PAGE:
Archive for the ‘music’ Category

Complete Mendelssohn organ works in Pasadena

Friday, May 26th, 2006

This picture shows the Aeolian-Skinner organ at the Pasadena Presbyterian Church, the site of a program featuring nine organists performing the complete organ works of Mendelssohn on Sunday, June 25, 2006.

Mendelssohn lived to only 39, dying in 1847 after a series of strokes. The world would be much poorer without the brilliant set of sonatas he had completed just two years earlier—arguably the most powerful, lush, compelling works in the entire organ oeuvre.

An interesting feature of the PPC organ is the so-called “Echo organ” of 14 ranks in the rear of the church. Such multiple-organ setups often work less than ideally, but is an absolutely perfect fit here, especially for Mendelssohn’s favored loud/soft counterpoints, in the first and other sonatas.

Bach marathon tickles cortical columns

Friday, January 28th, 2005

22 straight hours of Bach’s organ music. All of it. That was the program for BachWerke (7MB PDF program), an ambitious program put on by the Los Angeles Chapter of the American Guild of Organists and St. Cyril of Jerusalem Church last weekend.

The organ (pictured above; larger picture), with 3 manuals and 45 ranks, was built by Rosales Organ Builders, a local company also responsible for the astonishing instrument at the new Disney Concert Hall (picture).

The marathon was good for some serious cortical column manipulation. Saturday evening we were blessed to hear the playing of Bob Mitchell (article), a 93-year-old who got his start accompanying silent movies on the organ.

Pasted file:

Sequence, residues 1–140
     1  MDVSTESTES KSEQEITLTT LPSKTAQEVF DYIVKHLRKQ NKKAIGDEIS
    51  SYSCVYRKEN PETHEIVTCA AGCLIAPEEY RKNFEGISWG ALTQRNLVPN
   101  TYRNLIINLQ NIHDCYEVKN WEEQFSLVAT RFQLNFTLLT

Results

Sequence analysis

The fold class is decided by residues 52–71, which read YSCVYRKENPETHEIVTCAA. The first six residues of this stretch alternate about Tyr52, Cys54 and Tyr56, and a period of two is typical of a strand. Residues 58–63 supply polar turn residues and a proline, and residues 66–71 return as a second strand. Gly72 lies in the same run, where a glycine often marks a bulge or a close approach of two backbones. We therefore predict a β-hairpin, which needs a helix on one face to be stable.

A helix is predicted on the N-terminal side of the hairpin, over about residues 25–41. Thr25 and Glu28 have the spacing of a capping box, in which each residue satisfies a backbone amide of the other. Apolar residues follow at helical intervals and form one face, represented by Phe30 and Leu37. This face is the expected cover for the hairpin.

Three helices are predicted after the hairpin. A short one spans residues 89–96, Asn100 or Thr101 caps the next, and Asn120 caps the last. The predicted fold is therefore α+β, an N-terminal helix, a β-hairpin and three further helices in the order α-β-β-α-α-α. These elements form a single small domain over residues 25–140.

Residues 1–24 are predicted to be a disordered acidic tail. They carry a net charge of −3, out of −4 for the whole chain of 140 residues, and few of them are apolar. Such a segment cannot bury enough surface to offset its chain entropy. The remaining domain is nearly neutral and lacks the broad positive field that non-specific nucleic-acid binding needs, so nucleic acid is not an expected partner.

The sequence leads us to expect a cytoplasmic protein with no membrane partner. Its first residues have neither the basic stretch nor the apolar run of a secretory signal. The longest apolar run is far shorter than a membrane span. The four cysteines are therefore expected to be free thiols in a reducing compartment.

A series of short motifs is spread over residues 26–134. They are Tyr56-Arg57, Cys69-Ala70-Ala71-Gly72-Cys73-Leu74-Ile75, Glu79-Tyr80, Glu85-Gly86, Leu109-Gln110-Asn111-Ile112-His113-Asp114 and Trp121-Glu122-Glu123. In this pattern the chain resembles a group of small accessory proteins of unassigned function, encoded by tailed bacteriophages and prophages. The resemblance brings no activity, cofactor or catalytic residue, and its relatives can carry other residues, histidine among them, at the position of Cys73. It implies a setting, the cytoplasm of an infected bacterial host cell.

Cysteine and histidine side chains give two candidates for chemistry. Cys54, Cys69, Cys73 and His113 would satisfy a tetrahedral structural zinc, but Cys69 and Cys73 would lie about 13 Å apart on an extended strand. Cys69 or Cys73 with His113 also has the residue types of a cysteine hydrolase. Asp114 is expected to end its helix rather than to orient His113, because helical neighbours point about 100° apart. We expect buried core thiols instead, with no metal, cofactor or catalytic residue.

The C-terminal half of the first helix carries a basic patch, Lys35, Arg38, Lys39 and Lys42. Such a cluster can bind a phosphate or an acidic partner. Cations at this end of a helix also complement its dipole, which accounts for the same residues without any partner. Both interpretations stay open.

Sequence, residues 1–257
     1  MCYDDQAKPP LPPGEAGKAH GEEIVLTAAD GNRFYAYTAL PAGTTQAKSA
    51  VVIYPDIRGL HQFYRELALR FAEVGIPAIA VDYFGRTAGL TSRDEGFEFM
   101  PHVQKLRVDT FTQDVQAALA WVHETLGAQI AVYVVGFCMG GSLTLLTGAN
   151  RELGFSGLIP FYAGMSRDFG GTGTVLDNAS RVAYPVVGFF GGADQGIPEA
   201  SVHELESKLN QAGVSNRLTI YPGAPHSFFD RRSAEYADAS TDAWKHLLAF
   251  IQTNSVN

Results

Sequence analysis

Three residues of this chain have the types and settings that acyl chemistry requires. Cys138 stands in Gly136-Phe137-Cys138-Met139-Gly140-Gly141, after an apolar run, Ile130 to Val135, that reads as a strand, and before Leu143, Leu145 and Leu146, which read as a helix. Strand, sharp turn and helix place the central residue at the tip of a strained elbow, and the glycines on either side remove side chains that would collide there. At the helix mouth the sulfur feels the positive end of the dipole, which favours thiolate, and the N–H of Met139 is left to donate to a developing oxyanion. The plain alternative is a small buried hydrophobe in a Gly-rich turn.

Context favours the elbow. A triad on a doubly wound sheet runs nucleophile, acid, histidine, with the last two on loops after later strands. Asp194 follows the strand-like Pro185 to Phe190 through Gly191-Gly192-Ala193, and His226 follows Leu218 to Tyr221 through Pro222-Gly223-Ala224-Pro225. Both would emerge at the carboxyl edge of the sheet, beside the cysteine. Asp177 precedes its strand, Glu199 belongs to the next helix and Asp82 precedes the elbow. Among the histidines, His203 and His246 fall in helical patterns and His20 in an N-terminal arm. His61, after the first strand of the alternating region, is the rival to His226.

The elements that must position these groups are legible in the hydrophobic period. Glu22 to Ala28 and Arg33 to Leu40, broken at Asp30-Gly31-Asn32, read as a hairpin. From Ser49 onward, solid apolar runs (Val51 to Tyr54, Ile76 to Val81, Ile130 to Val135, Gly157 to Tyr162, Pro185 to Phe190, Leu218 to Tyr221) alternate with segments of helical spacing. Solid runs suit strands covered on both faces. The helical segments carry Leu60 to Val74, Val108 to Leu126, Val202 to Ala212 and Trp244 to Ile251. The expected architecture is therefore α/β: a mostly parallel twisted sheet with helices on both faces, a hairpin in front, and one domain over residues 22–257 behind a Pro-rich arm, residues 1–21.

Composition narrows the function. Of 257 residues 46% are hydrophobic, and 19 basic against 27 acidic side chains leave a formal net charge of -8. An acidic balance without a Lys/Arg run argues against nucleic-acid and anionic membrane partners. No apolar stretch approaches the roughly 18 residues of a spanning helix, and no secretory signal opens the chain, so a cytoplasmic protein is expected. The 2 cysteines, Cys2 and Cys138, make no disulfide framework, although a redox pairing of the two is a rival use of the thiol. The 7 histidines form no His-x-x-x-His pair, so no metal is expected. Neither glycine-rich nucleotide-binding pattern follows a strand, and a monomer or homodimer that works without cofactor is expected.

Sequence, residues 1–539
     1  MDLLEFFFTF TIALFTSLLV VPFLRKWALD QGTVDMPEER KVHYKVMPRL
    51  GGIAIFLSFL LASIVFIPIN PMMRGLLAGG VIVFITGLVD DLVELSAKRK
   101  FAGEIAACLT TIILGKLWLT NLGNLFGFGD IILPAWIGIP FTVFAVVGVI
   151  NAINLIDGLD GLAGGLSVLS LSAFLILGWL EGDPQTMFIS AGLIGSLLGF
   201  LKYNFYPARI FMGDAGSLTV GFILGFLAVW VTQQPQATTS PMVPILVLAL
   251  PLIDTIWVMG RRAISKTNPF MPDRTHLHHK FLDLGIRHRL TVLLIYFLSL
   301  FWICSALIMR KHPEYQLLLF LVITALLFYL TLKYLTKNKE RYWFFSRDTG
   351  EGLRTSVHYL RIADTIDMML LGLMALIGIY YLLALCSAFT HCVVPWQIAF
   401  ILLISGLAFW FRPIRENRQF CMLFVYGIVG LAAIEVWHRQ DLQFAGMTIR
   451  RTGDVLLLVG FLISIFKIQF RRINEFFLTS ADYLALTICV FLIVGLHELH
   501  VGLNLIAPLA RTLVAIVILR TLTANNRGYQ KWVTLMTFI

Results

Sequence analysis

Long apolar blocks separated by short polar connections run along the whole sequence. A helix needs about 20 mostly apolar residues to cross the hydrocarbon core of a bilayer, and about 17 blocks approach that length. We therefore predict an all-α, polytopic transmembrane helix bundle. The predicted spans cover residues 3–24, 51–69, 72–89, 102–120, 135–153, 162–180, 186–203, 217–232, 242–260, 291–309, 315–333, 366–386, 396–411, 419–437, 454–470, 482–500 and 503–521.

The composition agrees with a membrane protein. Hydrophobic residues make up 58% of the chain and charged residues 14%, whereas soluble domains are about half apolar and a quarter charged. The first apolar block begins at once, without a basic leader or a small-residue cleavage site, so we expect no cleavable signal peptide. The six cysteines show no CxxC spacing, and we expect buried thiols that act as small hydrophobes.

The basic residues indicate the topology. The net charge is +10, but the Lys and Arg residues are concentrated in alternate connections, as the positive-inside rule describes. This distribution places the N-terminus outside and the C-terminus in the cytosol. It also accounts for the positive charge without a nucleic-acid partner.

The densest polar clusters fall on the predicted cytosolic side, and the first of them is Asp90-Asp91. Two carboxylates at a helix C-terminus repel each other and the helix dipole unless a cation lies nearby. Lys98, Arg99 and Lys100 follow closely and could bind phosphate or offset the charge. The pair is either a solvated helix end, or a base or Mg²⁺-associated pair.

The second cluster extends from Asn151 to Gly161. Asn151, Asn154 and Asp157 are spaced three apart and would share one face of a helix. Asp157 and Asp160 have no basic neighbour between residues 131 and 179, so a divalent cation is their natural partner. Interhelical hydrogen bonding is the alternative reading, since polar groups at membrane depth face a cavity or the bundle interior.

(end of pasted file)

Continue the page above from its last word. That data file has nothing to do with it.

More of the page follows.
Although not too steady on his feet and a bit stooped, Bob was transformed as he took his seat on the bench. Playing the Fugue in G Minor (“Little”), the notes hard-wired into his gnarled fingers, he flooded the church with Bach’s ethereal harmonies, transporting listeners beyond time and space.

Religious music in your brain

Monday, January 17th, 2005

Carl Zimmer’s article on musical hallucinations in the July 12 New York Times, with the catchy title Neuron Network goes Awry, and Brain Becomes an iPod, was widely blogged.

Less widely noted was the fact that in this study of 30 cases the music heard was religious in a surprising two-thirds of the cases; that figure includes both hymns and Christmas songs. An astonishing 20% of the subjects (six people) reporting hearing the hymn Abide With Me.

Remember, these were old people; the average age was 78. In a lecture, Dr. Nick Warner, one of the authors of the original study, conjectured that death was on the mind of these oldsters and “Abide With Me” gave them comfort and hope.

I love that tune myself. I recall fondly singing it as a child on a sunny Sunday afternoon in the church my family attended, at the end of the service. No doubt that’s the song I too will be hallucinating when I get to that point.

The lyrics of this song have a nearly Buddhist sensibility, talking about emptiness and oneness, light and darkness, presenting a compelling analogy of the passing of one day to the passing of one life: